August 15, 2011

Magic of Technology

Fascinating! I wish you a magical week :)

August 07, 2011

About the economy

"It was the best of times, it was the worst of times." This is the starting quote from Charles Dickens' classic masterpiece "A Tale of Two Cities". The cities are London and Paris, or maybe metaphorically the old Paris and the new Paris, before and after the French revolution of 1789. It is the story of how the privileges of the wealthy and politically powerful, their pride and sense of entitlement, and not least their abject disgust of the less fortunate, who are unable to lift themselves up from poverty, brought about a revolution and all the horror that followed in its wake. It is a cautionary tale about how ugly, emotional, and violent things can get, if the majority of the people in a country is continuously disregarded and feels neglected by their entitled leadership. Of course, there are no parallels to our modern enlightened democracies, where people choose their leaders themselves. Or are there?

I just came across this documentary involving the statements of some politicians and economists done by Al Jazeera English, that makes an excellent case, that there is a growing disconnect between the politically and economically powerful and the majority of Americans.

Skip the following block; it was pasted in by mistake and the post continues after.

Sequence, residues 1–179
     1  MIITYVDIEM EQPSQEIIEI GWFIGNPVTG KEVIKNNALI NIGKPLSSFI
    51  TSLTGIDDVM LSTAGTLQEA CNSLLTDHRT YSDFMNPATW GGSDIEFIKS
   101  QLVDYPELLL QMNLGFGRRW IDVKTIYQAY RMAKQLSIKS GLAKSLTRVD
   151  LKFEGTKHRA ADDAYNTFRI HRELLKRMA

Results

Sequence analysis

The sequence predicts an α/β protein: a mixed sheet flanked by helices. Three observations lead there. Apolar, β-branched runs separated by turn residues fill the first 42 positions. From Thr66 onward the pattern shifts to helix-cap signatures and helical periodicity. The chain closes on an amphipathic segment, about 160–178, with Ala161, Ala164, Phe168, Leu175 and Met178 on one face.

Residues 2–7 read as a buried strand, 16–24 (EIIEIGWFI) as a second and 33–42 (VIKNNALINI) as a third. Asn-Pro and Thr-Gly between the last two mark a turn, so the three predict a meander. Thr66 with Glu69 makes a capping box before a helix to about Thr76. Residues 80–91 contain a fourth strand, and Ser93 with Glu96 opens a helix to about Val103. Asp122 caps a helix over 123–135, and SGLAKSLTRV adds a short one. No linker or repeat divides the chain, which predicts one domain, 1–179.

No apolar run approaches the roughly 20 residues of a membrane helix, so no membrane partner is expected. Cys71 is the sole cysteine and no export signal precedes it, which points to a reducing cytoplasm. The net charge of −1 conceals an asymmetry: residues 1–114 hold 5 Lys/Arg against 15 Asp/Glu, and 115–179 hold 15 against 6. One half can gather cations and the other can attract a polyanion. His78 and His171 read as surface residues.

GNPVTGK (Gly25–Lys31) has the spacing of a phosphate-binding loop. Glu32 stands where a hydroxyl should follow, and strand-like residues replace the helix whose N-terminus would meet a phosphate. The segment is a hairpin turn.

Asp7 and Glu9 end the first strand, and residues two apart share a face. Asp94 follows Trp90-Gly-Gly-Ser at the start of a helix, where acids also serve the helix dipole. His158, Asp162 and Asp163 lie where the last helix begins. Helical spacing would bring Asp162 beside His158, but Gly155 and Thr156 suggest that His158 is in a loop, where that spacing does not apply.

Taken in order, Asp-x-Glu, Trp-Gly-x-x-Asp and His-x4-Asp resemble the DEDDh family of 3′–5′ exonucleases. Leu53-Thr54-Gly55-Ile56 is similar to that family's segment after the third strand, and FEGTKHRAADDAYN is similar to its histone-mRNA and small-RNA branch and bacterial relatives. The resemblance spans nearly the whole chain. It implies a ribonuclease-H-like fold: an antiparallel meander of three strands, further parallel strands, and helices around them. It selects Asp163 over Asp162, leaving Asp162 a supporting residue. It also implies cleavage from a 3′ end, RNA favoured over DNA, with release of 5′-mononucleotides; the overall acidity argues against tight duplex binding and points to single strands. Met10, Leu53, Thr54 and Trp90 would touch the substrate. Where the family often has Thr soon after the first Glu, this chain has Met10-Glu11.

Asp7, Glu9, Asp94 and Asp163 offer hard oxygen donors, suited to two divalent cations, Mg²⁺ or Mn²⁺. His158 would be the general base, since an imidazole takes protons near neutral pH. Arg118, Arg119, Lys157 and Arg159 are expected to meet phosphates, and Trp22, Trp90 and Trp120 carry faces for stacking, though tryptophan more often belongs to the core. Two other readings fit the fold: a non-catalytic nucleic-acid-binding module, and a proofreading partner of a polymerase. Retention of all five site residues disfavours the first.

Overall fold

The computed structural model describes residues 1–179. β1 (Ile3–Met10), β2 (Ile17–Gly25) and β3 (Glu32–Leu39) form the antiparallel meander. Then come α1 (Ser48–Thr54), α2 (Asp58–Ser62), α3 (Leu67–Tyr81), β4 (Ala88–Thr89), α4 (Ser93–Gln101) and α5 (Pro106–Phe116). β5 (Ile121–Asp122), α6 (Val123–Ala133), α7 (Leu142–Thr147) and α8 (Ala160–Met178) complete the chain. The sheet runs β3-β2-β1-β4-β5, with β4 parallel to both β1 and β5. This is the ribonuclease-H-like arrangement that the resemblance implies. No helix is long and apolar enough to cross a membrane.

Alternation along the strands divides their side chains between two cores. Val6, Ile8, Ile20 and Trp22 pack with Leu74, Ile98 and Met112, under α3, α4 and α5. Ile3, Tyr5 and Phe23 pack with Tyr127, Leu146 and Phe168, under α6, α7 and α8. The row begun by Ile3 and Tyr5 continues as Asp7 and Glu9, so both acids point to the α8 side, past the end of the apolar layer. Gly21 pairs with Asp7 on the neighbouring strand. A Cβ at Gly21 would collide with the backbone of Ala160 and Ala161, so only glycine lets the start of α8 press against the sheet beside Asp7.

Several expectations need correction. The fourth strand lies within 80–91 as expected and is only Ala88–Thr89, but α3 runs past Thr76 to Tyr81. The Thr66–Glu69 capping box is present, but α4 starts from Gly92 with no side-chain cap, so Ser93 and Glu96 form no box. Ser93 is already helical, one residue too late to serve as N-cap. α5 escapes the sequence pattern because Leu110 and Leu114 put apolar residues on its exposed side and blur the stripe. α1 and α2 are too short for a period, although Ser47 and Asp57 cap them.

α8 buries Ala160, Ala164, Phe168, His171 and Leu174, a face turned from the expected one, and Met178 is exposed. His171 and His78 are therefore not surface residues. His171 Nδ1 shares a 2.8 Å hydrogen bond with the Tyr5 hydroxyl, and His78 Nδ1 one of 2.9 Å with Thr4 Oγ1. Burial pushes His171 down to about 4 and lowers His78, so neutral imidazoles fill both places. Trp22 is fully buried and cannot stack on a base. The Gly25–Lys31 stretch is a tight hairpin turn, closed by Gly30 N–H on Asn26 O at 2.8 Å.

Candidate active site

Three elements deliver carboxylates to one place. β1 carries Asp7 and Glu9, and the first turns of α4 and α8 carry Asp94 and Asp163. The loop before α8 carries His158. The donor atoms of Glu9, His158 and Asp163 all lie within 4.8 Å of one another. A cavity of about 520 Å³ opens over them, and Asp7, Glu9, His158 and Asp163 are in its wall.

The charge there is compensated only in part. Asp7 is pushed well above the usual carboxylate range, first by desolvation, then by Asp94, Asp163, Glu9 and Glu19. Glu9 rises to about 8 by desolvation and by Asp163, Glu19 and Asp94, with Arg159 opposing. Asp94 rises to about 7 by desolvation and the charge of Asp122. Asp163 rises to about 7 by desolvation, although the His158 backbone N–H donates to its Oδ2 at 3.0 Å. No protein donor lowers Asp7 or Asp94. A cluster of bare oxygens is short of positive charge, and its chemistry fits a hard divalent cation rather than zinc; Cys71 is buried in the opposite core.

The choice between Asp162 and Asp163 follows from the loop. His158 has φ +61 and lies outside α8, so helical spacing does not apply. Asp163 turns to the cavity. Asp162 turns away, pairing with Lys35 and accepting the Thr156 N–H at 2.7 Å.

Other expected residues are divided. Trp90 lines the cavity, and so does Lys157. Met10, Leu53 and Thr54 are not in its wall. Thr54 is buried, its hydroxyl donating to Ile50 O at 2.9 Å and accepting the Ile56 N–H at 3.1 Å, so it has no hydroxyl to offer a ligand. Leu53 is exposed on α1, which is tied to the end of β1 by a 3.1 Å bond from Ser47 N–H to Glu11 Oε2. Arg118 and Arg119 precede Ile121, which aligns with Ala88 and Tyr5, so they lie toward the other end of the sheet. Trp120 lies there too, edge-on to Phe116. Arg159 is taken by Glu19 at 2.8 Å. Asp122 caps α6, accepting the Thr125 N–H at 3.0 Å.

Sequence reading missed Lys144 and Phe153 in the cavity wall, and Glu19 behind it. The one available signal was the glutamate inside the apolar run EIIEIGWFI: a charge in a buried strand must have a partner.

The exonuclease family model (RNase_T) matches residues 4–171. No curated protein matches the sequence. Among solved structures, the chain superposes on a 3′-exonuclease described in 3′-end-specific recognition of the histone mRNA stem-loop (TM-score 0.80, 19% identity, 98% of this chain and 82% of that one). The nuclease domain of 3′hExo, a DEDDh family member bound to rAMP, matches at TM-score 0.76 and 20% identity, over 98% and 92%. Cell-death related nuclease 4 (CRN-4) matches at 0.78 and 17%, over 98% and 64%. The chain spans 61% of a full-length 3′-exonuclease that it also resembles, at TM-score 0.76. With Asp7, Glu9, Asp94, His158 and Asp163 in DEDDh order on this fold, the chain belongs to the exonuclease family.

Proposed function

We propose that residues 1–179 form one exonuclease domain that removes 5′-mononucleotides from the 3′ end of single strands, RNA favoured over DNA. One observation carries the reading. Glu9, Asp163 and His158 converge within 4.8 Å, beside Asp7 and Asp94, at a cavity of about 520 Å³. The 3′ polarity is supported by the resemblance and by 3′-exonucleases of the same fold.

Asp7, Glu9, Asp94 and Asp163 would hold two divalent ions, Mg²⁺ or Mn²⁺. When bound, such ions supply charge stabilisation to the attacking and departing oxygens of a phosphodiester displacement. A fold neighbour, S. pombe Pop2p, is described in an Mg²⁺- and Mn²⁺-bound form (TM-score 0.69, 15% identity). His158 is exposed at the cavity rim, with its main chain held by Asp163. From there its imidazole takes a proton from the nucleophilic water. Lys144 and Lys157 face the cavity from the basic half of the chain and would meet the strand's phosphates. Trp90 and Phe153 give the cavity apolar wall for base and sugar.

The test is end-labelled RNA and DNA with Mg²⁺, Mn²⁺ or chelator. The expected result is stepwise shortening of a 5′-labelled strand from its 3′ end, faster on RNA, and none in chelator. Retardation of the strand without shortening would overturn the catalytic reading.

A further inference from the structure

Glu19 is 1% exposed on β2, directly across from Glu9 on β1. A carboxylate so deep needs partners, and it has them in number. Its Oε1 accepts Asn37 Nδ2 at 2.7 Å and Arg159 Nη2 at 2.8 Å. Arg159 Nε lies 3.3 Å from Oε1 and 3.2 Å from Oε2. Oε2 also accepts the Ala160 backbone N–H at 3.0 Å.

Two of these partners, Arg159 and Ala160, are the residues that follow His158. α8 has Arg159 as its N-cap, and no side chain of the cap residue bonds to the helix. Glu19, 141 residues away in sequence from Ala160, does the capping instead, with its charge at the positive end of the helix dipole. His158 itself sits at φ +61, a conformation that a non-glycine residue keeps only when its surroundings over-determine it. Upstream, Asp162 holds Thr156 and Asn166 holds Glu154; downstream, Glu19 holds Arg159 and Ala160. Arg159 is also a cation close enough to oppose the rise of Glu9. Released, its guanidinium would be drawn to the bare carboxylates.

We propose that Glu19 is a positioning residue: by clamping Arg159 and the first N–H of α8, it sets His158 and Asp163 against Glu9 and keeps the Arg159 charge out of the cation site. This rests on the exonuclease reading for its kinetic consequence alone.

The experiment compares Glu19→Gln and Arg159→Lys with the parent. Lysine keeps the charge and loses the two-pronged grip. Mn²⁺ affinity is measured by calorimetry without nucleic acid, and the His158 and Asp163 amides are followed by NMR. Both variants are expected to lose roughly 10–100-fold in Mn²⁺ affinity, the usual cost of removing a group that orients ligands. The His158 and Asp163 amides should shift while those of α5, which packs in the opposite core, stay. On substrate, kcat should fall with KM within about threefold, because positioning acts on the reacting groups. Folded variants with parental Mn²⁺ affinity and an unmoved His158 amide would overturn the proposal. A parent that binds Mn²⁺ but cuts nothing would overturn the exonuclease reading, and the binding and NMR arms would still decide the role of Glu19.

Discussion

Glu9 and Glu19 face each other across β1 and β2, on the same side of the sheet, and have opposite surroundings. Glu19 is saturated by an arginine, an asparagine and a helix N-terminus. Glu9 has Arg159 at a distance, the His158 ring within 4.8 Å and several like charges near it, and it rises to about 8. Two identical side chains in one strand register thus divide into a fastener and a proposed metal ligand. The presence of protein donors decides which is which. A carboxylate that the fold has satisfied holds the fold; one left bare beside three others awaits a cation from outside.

Although this report is specifically describing the American situation, it is not an American problem. The gap between the rich and the poor is widening or already as wide as it gets in many countries of this world. I could cite GINI coefficients or top tax rates to make this point, but the sad thing is that we are all already very aware of the inequality in the world.

But there are two very different outlooks on the problem and how to solve it. Some say: "Well, if we could only get the world economy on it's feet again and finally relax those trade rules to get government out of the way and stop pussy-footing around who is really creating value on this planet.", while others say "We are in a desperate situation, where the rich control politics through money. Trickle down economy has been proven wrong, but they try to keep people oblivious. If we could only get the rich to pay their fair share, maybe through a global tax on financial transactions, or there will be hell to pay."